— Call me crazy, but I’m still not 100 percent sold on UNH. Sure, the Wildcats are improved over a year ago, but anyone who follows analytics will look at UNH’s 106 PDO and say to themselves, “something’s got to give.” The Wildcats have Vermont this weekend, a team that is struggling to get going, and then is at the rebuilding UMass Minutemen the week after. The true litmus test for UNH will begin on Nov. 10, when the Wildcats begin a stretch that includes games against Lowell, BU, BC, Yale and Providence. It’s a seven-game stretch where four will be on the road.
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Last week may have been Homecoming Weekend at Merrimack College, but this weekend will serve as a legitimate homecoming for one Warrior.
Merrimack senior captain Jared Kolquist is from Hermantown, Minnesota, which is just a couple of miles from Minnesota Duluth’s campus. Kolquist played four varsity seasons at Hermantown High School and was all-conference as a junior and senior while also being named to Team Minnesota those two seasons.
As as a senior at Hermantown, Kolquist was selected to the Duluth Area All-Star Game and was named All-State by the Associate Press. His 118 career points set a Hermantown High School career record for defensemen.
According to Merrimack coach Mark Dennehy, this weekend’s series at UMD was spark, in essence, to give Kolquist the opportunity to play in front of his friends and family. UMD assistant, Jason Herter, is on the board of College Hockey Inc. with Dennehy and according to UMD radio man Bruce Ciskie, credit Denney with setting up this weekend so Kolquist could have a homecoming.
Earlier this week, the New Jersey Devils recalled two of Hockey East’s most underrated players from two of the league’s most memorable teams in recent memory.
Kevin Rooney was called up for his first NHL action over the weekend after signing an NHL contract last week. Rooney had been playing with the Devils’ AHL affiliate in Albany. Rooney was never a big scorer for the Friars — he scored just 36 points in his career — but he was arguably the heart and soul of the Providence team that won a national championship in 2015. It’s no mistake that Rooney was voted team captain the following season as a senior.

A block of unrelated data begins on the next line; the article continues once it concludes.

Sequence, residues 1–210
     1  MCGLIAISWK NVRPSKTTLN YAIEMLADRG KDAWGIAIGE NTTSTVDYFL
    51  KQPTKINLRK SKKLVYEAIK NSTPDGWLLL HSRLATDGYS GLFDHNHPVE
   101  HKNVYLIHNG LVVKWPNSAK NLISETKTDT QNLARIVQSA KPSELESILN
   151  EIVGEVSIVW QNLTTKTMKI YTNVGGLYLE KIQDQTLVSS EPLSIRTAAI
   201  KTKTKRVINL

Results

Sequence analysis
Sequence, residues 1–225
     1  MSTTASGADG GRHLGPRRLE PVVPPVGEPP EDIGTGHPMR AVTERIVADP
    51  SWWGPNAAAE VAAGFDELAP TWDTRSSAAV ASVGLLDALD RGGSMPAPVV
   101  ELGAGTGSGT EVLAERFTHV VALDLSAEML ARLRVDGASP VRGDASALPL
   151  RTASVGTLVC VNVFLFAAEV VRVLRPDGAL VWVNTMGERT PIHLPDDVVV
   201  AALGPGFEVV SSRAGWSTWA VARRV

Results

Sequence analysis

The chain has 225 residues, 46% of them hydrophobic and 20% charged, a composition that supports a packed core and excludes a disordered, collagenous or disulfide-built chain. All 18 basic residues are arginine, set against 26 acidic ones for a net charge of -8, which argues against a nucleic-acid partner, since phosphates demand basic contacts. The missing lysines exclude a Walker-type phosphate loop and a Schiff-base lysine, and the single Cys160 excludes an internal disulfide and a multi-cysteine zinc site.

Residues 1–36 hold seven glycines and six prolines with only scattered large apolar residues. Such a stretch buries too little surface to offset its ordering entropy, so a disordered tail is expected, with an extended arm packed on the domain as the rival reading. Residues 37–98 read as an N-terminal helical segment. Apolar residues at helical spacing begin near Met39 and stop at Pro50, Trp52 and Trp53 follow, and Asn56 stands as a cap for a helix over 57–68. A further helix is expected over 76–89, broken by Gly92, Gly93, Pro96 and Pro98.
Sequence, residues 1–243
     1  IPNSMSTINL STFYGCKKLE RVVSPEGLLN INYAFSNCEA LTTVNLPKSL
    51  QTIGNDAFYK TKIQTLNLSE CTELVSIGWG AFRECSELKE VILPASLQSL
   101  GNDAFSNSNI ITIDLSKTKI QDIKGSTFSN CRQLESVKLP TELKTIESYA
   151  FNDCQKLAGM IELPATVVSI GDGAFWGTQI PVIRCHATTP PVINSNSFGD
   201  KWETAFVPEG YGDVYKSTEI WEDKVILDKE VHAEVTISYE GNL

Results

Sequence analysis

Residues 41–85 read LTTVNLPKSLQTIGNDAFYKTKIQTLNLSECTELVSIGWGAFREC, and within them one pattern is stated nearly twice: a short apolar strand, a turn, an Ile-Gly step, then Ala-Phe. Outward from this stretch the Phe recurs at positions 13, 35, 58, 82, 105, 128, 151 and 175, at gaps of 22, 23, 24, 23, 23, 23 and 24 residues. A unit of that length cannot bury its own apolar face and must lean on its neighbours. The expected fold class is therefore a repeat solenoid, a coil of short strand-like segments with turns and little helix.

The Canton, Mass. native skated on Providence’s top line with Mark Jankowski and Brandon Tanev through the 2015 NCAA Tournament, but he wasn’t there to score goals, he was there to shut down the best player on the other team. As the No. 4 seed in the East Regional that season, the Friars were the road team throughout the tournament, and weren’t given the benefit of a last change. So, when Boston University rolled Jack Eichel’s line, for instance, out against Jankowski’s, it was Rooney who was often tasked with one of the most difficult assignments — shut down that top line.
After that championship run, several Hockey East coaches that summer praised the work of Rooney throughout the tournament, and coaches were well aware of having to game plan against his matchup the following season.
The Devils also recalled former Merrimack defenseman Karl Stollery, who was a junior on the Merrimack team that won 25 games in 2011 and a senior on the Merrimack team that was the first team left out of the NCAA Tournament in 2012.
Stollery was often lost in the shuffle, as far as praise goes, behind players like Stephane Da Costa and Joe Cannata. But, Merrimack head coach Mark Dennehy would say oftentimes during those two seasons that Stollery was the team’s workhorse, logging 30 minutes per night at least. Dennehy has even admitted, in the years following Stollery’s time, that there were nights he even pushed close to 40 minutes.